Did Selina say, “Yes”. Did Selina say, “No”. That’s probably the biggest question on everyone’s mind right now. But before we get to that, we need to evaluate the rest of the issue.
In my last review, I brought up the fact that it felt as if the story was being spread out. As if there wasn’t enough story to fill all 20 pages, so they did whatever they could to fill them up and meet their quota. I wish I could say that feeling went away while reading this particular story, but it was actually stronger than before. We start off with a whole page of Bruce and Selina just sitting in bed. Then we have a two page spread that shows a bunch of black and white face shots detailing the way the pictured individuals met their end at the hands of Gotham’s Rogues.
Eaten by Tweedledee?
This is followed up by a page of Riddler, Joker, and Batman having a squinty-eyed staring contest. Then we jump back to another full page of Bruce and Selina sitting in bed. And only after all of this does the story start. That’s 5 whole pages before anything “really” happens. It also threw me a little because these 5 pages have no dialogue to speak of. On my first read through, I initially thought I had a defective copy and they accidentally omitted the dialogue balloons/inner monologue in the printing process. I guess I’ve just gotten too used to seeing King incorporate unspoken narrative with the visuals to go full on silent for so long.
While it might sound like I’m being a little too tough on these pages, it doesn’t mean they aren’t without a certain level of charm. Even though nothing is said between Bruce and Selina, Janin does a tremendous job at relaying their story through nothing more than facial expressions and body language. Likewise, the stare-down between Riddler, Joker, and Batman did feel like the calm before the storm and reminded me quite a bit of the ending from The Good, The Bad, and The Ugly. The victim face shots were kind of nice because they were an attempt to make the victims more than just faceless victims, but it was far too literal in my opinion. And besides, just showing me what they looked like and how they died doesn’t really make them any less “faceless”. To do that, I’d need some insight into who these people were, not just what they looked like.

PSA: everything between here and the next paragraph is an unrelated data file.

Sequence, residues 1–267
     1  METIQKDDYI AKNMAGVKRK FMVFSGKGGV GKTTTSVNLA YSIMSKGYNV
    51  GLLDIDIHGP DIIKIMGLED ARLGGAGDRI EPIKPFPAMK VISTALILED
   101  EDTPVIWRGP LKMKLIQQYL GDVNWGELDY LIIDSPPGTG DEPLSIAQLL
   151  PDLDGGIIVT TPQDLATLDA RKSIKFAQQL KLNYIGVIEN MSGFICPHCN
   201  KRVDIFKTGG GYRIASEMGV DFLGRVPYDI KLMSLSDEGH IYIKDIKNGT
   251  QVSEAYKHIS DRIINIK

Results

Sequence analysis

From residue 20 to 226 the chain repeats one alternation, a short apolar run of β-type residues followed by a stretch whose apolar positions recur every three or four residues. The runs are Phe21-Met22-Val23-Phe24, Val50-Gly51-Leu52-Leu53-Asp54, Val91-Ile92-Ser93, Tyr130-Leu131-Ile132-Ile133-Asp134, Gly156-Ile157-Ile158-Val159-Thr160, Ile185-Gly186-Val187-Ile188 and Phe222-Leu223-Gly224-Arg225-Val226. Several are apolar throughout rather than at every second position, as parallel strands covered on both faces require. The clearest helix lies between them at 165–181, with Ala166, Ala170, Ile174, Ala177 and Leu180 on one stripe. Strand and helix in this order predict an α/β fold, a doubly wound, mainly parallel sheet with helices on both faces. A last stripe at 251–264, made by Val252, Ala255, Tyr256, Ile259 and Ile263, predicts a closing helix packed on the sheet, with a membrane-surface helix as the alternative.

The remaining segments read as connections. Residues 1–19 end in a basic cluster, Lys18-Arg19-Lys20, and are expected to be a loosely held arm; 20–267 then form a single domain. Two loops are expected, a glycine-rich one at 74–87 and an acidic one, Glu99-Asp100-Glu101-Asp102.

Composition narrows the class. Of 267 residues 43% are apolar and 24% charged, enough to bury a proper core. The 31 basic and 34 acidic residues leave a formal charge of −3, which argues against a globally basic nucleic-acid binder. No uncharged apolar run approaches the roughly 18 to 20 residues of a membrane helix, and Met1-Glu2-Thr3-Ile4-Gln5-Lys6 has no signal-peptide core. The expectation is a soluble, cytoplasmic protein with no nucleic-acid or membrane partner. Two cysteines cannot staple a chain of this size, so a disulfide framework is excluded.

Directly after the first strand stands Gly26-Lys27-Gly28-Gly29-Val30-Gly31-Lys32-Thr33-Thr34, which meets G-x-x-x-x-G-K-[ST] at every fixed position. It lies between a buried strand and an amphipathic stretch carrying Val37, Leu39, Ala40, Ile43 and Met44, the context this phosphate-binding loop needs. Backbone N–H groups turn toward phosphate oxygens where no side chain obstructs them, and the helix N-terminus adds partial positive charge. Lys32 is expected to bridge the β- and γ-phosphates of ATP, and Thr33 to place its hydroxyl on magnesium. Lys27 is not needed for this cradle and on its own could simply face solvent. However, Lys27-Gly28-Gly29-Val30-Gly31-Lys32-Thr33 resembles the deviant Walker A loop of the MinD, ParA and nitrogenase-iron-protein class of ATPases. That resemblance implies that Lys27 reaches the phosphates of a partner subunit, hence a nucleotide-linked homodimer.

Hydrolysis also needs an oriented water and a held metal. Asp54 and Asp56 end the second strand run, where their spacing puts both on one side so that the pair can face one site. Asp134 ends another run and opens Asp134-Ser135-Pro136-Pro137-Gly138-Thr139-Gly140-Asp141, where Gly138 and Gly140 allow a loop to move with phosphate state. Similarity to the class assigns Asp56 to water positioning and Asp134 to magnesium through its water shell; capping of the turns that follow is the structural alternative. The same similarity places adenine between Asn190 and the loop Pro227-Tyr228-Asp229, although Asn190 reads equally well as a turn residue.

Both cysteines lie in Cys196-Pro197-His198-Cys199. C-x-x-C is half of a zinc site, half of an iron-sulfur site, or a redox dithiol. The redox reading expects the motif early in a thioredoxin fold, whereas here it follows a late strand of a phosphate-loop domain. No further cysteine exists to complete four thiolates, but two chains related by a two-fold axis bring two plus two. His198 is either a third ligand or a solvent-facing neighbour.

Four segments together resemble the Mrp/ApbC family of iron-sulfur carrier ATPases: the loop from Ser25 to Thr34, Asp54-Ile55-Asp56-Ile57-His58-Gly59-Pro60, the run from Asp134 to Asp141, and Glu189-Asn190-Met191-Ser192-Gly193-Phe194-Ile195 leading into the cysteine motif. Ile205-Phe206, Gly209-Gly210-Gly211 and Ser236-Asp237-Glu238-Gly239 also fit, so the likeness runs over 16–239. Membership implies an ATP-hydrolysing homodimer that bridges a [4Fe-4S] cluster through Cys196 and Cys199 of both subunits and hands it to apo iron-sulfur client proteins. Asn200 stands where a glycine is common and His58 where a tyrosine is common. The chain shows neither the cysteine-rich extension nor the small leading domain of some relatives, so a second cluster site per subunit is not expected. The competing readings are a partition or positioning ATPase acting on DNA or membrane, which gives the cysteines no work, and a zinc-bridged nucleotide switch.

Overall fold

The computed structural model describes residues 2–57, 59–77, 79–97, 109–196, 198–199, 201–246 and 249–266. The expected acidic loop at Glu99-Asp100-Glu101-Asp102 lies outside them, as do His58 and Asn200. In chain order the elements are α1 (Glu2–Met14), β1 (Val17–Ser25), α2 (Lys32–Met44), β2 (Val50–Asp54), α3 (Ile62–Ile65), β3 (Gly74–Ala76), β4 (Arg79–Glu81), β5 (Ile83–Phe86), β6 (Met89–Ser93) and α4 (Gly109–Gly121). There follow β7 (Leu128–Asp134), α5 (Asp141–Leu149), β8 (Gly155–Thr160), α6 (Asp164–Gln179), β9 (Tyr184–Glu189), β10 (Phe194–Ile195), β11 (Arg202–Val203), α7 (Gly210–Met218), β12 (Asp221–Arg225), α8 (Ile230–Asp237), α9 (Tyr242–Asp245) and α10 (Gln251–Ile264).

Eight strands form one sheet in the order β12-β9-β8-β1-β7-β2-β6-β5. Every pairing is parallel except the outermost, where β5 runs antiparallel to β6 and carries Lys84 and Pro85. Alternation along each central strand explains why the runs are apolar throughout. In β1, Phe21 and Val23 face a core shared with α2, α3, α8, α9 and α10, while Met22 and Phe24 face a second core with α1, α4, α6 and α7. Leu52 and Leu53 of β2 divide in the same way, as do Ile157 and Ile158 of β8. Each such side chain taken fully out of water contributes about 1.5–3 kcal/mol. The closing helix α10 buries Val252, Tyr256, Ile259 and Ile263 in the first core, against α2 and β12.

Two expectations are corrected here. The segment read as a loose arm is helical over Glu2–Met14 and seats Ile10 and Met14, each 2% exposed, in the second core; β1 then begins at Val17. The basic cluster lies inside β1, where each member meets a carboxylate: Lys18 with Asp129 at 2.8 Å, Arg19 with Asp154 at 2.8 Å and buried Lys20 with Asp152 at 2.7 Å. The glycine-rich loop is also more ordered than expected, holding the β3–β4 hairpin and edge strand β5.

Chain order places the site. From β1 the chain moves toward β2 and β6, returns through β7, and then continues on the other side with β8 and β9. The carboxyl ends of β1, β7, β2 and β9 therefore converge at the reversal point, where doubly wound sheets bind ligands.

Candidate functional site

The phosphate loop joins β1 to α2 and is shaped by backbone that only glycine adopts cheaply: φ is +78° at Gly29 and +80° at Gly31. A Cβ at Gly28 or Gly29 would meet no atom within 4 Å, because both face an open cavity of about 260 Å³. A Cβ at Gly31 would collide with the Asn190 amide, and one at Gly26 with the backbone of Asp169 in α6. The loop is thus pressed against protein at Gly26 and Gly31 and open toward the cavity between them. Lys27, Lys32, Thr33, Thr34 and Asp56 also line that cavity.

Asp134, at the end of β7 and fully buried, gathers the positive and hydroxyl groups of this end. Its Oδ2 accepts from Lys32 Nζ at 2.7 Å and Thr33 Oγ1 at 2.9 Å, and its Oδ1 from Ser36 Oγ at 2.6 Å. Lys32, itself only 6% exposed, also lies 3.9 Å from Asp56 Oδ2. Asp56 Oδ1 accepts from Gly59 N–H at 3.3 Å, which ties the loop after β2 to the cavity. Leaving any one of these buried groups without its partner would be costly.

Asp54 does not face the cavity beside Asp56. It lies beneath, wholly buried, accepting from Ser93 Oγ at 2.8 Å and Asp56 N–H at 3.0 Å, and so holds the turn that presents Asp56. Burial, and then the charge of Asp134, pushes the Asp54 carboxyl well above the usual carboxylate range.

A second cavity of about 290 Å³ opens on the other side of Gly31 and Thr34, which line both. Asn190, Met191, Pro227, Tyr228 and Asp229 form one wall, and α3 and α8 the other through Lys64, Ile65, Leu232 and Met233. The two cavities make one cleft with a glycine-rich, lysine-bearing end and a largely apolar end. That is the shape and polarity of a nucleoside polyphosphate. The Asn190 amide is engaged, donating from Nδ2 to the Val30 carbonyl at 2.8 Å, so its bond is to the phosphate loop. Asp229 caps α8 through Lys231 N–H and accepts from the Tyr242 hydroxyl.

So, it’s not that any of these pages were bad. Taken on their own, most are actually quite good. For me, it was just the abundance of them placed adjacent to one another that threw me off a little.
Once things do get rolling, we have an absolutely wonderful fight scene. Personally, I hate when a comic shows fights where you can’t really tell what is going on. You know, random punches and kicks that don’t naturally transition into one another. But here, this fight has a natural evolution and flow to it. It feels as if it was well thought out and choreographed. And it doesn’t jump around. The panels are all pretty much sequential, which is something I love to see. It’s as if we are getting a fully realized and fleshed out play-by-play instead of randomness. I also love the fact that it’s just a couple of guys fighting. Nothing over-the-top. Just punches. And the less skilled fighters (Joker/Riddler) using objects to try and level the playing field.
I guess the one thing I would say is that The Riddler seems a little too proficient. Or perhaps, it’s more apt to say that Batman isn’t being depicted as proficient enough. This observation isn’t me comparing King’s Riddler to the quintessential Riddler archetype. It’s about inconsistency in depicted skill levels within King’s own story. Lets not forget the fact that Batman easily defeated Deadshot and Deathstroke in a previous issue. When you take that into account, it doesn’t make too much sense that Batman would fall prey to so many hits. He does block two, which I loved, but he should have blocked or dodged more. I just don’t think it makes a lot of sense to show Batman as godlike against Deathstroke, who is arguable one of the better physical combatants in the DC Universe, and then all of a sudden have Batman taking multiple hits from The Riddler who isn’t comparable to Deathstroke.